Sunday, February 3, 2008

Dirt Roads

A friend sent this to me and I thought some of you might relate to it as well.
Dirt Roads
What's mainly wrong with society today is that too many Dirt Roads have been paved. There's not a problem in America today, crime, drugs, education, divorce, delinquency that wouldn't be remedied, if we just had more Dirt Roads, because Dirt Roads give character. People that live at the end of Dirt Roads learn early on that life is a bumpy ride.
That it can jar you right down to your teeth sometimes, but it's worth it, if at the end is home...a loving spouse, happy kids and a dog. We wouldn't have near the trouble with our educational system if our kids got their exercise walking a Dirt Road with other kids, from whom they learn how to get along.

Criminals didn't walk two dusty miles to rob or rape, if they knew they'd be welcomed by 5 barking dogs and a double barrel shotgun. And there were no drive by shootings. Our values were better when our roads were worse! People did not worship their cars more than their kids, and motorists were more courteous, they didn't tailgate by riding the bumper or the guy in front would choke you with dust & bust your windshield with rocks. Dirt Roads taught patience.

Dirt Roads were environmentally friendly, you didn't hop in your car for a quart of milk you walked to the barn for your milk. For your mail, you walked to the mail box. What if it rained and the Dirt Road got washed out? That was the best part, then you stayed home and had some family time, roasted marshmallows and popped popcorn and pony rode on Daddy's shoulders and learned how to make prettier quilts than anybody. At the end of Dirt Roads, you soon learned that bad words tasted like soap.

Most paved roads lead to trouble, Dirt Roads more likely lead to a fishing creek or a swimming hole. At the end of a Dirt Road, the only time we even locked our car was in August, because if we didn't some neighbor would fill it with too much zucchini. At the end of a Dirt Road, there was always extra springtime income, from when city dudes would get stuck, you'd have to hitch up a team and pull them out.
Usually you got a dollar...always you got a new the end of a Dirt Road!
A lot can be said for a, 'Dirt Road'
Auther= Paul Harvy


Anonymous said...

If this isn't the truth not much is. I am thinking that we all need to get a pick and a shovel and take up the paved roads leading to our homes and go with a Dirt Road.


Cindy said...

JD - thank you for your nice comment on my photos. It is wonderful to think that there you are across the pond in Southern Ohio posting a note on my blog! It really IS a small world isn't it. I've enjoyed my tour around your blog - and thank you so much for linking me. I'll do the same. I'll keep popping back to find out the latest news from Ohio :-). Keep in touch! Cindy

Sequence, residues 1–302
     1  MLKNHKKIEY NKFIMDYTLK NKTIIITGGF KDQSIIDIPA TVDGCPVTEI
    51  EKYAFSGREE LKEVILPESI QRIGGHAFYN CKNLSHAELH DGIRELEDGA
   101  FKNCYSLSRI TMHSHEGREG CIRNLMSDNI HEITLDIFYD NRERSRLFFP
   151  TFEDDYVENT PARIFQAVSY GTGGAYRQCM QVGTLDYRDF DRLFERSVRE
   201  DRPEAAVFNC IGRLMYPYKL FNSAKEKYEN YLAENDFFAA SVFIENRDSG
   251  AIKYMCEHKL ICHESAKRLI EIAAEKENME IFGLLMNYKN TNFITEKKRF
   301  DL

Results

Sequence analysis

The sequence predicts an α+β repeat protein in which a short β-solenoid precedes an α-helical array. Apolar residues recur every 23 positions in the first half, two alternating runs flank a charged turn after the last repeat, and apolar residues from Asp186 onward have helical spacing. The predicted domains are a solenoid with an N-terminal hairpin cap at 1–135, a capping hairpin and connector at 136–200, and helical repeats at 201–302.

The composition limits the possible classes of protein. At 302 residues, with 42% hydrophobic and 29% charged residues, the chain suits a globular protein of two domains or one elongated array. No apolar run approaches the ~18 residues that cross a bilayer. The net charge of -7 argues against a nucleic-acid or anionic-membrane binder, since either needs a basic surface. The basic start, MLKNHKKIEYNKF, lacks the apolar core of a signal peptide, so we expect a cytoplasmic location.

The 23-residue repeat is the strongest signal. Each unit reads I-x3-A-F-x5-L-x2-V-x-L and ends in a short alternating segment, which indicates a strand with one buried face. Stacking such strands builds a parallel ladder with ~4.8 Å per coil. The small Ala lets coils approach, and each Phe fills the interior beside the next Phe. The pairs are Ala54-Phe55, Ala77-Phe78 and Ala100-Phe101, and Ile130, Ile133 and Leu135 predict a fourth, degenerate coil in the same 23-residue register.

meyvelitepe said...

Hi JD, I discovered you from your nice comment that you put in my daughter's blog (Allis in your links). Actually, it was interesting to look around in your blog. We are living in Turkey which is almost at the other side of the globe, but the things we are trying to do are quite similar to what you did. I'm still working for a multi billions international company as a quite busy manager, but at the same time, we are trying to prepare a big escape from any kind of modern city life as well as from it's all headaches. We are trying to write everything about this escape (in Turkish unfortunately) but you can take a look into some pictures at least. We do have a dirt road either at the moment (not two miles but a couple of hundred feet).
I'll try to check your blog time to time. I appreciate for any tricks of country life from your experiences.
I do wish happy writing and healthy life to both of you.

Gilly said...

You are absolutely right JD... plus dirt slows people down. We are turning this world into Joni Mitchell's old song 'A concrete jungle'.... we never learn.. well some of us do!

Thanks for your comments on my blog...great about your wee hummingbirds -we don't have them here unfortunately. I do love our feathered friends!

Sage Gray said...

Cindy from Cindy's Snaps recommended your blog, JD. and I love it. I, too, live on a dirt road, but I am ashamed to say that we have way to many people that use it as if it were paved. My husband and I moved to our dirt road in the New Mexico desert to get away from the city but now the city seems to be closing in on us anyway. You have great photos, and I love the way you think. I have a blog about our place at if you would care to take a gander.

Dream Finder said...

Absolutely true.

We recently moved a house trailer down a dirt road in the rain. It was the worst of times yet it was the best of times.

It was memories we'll have for a lifetime.

I grew up on a dirt road. Life was simpler then. The road is now paved and the kids have to be watched more because the cars now fly by.

I can remember being young and just having gotten my drivers license and we used to travel those dirt roads looking for aluminum cans.

The good life does come from a dirt road.

Dream Finder

alis said...

This was such a pleasure to read, and one can't disagree with what it's saying. Your blog gave me a sweet escape today from the ticking clock and approaching deadlines. "stayed home and had some family time, roasted marshmallows and popped popcorn and pony rode on Daddy's shoulders and learned how to make prettier quilts than anybody" - I loved this part, as I was just feeling a bit homesick, longing for a night of roasting chestnuts by the fireplace with my parents. Also, thanks for stopping by my blog and leaving such kind comments, thank you! You have a beautiful lifestyle, I'm glad you are taking the time to share it with us.